Children are a blessing, not disruption
Your articles on marriage were sad, but I wish to enlighten those who think that children are a disruption. I have always felt and said that if you are waiting until you “can afford” to raise a family you will never have a family. The problem is that we are becoming too affluent. The Bible states that “the lust for money is the root of all kinds of evil” (1 Timothy 6:10, among others). All the things that people want are related to “money.” It is actually a form of selfishness and greed. As I see it, this is the prime cause of the downfall of our society and family. People who feel this way miss all the joy of having children. Sure they can cause anxieties and strains in the process of rearing them, but what an empty life it would be without them. My wife and I worked to put me through dental school and our first child was not a hindrance, but was actually a joy to break up the stresses of completing the education and preparing for our future.
I come from an immigrant family (GermansfromRussia),anditwascommontohave large families (we are 11 siblings). It was usually benefitial to have large families to help work on the farm. It also became a home for the parents in their old age. My parents’ life, as immigrants, was a one of what I call eat, sleep,work and go to church. We did not have all the “things” that people today seem to feel are necessary for happiness. When you wrote of the benfits of marriage, you did not include the clinical relationships of parents and chil- dren, i.e., the love and nurturing of a family. Then there is grandparenting, which is delightful,butalsostressfulinworryingaboutthe grandchildren and their future as you see it.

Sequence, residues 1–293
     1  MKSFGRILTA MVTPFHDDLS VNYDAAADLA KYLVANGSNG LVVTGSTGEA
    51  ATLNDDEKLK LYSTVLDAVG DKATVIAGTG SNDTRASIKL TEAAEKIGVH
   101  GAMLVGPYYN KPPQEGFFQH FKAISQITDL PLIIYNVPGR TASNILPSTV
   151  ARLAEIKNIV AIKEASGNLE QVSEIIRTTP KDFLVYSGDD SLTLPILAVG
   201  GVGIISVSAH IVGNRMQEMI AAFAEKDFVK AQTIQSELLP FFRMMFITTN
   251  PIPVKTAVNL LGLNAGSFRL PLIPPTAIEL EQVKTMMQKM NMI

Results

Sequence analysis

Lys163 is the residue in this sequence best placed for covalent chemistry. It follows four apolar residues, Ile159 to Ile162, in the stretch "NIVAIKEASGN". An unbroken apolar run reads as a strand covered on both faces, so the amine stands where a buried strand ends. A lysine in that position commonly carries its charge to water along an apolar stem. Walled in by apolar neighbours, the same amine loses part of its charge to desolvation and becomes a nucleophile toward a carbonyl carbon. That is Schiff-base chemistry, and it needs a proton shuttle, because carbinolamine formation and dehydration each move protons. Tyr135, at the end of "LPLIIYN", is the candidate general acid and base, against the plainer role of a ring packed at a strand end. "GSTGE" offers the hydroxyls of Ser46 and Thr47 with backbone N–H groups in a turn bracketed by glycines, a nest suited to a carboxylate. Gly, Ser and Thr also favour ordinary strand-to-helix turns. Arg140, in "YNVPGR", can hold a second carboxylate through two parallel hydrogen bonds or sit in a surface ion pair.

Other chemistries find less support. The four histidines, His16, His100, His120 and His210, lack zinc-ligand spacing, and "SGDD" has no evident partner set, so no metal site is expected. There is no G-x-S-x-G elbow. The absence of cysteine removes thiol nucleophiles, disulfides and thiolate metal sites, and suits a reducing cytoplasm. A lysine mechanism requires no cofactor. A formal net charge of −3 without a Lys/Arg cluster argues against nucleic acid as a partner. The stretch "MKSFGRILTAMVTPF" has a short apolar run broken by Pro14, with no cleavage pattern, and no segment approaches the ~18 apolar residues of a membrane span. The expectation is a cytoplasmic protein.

There is one additional piece of the pie that you failed to include. Your children will be there for you in your ageing retirement years, whenyoumayneedspiritual,maybefinancial and social support. It might be necessry for themtobeyoursourceofcareinsteadoffarming out your parents to a senior retirement facility. My wife and I had my mother for 17 yearspriortoherdeath.Whatablessing.Now we have her mother for the same assistance. Suretheremaythedaywhenwecannotphysically handle her and she may need assisted living, but in the meantime, we are a blessing to her and she to us. Those who choose not to have children do not have the benefit and blessing of children to support and comfort them in the older years.
We have been on missionary trips to third world countries where we saw that it is natural for the children to take care of the their ageing parents. We as a society are missing our sense of responsibility to our parents who nurturedusandcaredforus.Nowit'sourturn to return the favor. As I am now in semi-retirement I think what an empty existence it would be without children to visit and offfer guidance. Norman C. Bitter Fresno, California